“But some things just come naturally….that’s just in his nature.” No. Plain and simple. No.
Human nature is already claimed, and what comes naturally may indeed be other than Christ and His life, but this is no longer what’s natural to us. What’s natural to us is the life that Jesus makes possible. The future and purpose of nature is Jesus Christ Himself. When we think of what’s natural, we as Christians don’t begin what the world thinks is natural. The natural has been revealed to us as that which comes from the end, the Kingdom, wherein God’s reign is full. We as the Church are the community where the laws of new creation are normative for our life and practice._
Being the church, we must learn that nature has been redefined for us around and in Jesus. We don’t begin to think about what comes naturally apart from Jesus. He commands the center of everything we think and say. God has ideas about nature, and they are presented to us rather clearly, and we have to think in and with God’s revelation.
God’s idea of nature is Jesus. What comes naturally, is that Kingdom, and its laws, not this one. What comes naturally is recovered on the basis of the gospel. “The Natural is that which after the fall is directed towards the coming of Christ”. 
What matters here is that Bonhoeffer is telling us that Jesus isn’t just something cute that happened once upon a time, He reorients all of human nature towards Himself, and whatever deviates from this is no longer natural, but unnatural. It is unnatural to oppose the coming of Christ.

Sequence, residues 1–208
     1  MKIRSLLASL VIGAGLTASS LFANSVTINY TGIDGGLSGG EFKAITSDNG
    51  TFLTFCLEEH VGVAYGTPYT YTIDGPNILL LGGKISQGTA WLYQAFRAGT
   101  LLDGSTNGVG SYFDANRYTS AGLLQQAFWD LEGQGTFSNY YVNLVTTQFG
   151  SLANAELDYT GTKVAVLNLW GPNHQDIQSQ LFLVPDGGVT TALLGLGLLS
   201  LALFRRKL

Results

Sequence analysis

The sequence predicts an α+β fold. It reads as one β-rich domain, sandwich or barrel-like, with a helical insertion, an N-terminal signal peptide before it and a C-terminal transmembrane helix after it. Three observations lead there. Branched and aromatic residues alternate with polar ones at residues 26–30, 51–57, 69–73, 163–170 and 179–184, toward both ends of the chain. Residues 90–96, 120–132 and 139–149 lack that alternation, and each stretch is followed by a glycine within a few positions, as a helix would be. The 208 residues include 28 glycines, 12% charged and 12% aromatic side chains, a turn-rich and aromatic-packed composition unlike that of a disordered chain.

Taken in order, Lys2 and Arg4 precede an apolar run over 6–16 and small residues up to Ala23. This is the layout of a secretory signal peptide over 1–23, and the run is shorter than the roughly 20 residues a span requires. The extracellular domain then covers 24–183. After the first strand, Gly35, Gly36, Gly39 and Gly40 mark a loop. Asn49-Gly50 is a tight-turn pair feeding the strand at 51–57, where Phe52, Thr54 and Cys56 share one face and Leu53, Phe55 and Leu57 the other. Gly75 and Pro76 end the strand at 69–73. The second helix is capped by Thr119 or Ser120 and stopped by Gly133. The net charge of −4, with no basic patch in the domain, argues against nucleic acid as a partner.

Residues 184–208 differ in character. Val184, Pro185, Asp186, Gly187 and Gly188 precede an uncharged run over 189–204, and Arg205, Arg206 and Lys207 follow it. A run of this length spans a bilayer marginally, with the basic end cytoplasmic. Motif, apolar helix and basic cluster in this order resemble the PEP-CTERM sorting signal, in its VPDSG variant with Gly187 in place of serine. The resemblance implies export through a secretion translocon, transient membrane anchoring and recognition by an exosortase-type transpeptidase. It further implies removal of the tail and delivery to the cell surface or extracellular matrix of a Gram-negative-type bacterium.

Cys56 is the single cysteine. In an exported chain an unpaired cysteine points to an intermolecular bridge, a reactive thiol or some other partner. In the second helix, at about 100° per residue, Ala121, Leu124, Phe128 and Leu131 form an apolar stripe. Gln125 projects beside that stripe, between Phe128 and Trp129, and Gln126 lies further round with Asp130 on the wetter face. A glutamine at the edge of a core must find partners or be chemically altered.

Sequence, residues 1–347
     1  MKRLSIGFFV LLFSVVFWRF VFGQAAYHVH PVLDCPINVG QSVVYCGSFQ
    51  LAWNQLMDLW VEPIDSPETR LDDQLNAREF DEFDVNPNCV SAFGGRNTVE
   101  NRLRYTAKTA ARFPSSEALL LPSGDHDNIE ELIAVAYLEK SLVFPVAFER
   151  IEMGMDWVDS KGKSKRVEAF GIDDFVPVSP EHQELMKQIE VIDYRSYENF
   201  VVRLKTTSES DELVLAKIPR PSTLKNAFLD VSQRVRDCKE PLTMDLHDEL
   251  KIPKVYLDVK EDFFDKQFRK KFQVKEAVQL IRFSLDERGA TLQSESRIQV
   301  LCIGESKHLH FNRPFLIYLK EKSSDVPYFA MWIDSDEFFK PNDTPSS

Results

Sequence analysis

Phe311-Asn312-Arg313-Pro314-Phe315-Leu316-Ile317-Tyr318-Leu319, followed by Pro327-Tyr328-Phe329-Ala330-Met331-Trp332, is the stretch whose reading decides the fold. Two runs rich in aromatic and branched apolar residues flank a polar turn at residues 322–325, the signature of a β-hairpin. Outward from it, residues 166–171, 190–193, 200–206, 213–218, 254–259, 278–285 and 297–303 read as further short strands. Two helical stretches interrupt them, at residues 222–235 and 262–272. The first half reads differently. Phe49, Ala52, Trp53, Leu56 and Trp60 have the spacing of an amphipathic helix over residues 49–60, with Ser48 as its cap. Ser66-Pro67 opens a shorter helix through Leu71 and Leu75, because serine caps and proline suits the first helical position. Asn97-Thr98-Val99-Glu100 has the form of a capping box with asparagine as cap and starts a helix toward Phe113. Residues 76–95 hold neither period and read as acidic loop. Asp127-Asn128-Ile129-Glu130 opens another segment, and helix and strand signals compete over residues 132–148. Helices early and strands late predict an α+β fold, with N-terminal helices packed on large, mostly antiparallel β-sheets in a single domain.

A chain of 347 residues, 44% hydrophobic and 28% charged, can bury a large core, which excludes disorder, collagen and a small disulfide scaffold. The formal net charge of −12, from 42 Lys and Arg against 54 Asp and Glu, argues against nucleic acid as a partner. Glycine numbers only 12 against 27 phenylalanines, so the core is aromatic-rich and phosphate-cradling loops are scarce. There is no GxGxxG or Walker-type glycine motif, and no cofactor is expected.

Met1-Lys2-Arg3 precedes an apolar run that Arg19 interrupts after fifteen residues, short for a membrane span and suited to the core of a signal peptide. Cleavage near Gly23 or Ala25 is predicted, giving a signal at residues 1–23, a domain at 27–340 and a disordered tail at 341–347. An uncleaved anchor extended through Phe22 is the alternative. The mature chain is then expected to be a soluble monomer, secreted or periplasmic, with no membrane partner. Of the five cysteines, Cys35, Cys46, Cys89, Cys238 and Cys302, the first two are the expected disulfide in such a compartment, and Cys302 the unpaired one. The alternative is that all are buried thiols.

It is incumbent upon us to learn to think this way about the world, or else we will fail to have the imaginative power that the gospel demands of our communities. We know the end of the story, we know that in the end, God will set all things to rights, and that justice will pour out over all creation. We know that God’s good creation was never intended to be as we see it now. That’s what Jesus means. Jesus is God’s idea of what creation is and means, because God Himself enters creation and lives the life of a creature always disposed to God in the right manner.
We think in and with the end of the story, because that’s what God intended, and intends for everything. Someday everything in all creation will look and think and act like Jesus, this is not to say we stop becoming individuals. What will happen is that just as Jesus is infilled with the presence of God so too we will be. Just as the sacraments are filled with His presence so too, each of us in our unique subjectivity will refract the manifold and unlimitedly creative power of the Triune God. We will all be sacraments, all creation will indeed in the end be sacramental. If you wonder what new creation looks like, look at the table of communion.
What comes naturally is the redeemed world we hope for. That’s what has always been intended. What’s in our nature as Christians is not us, but Christ. He is the goal of creation, and in Him we will be more and more truly ourselves.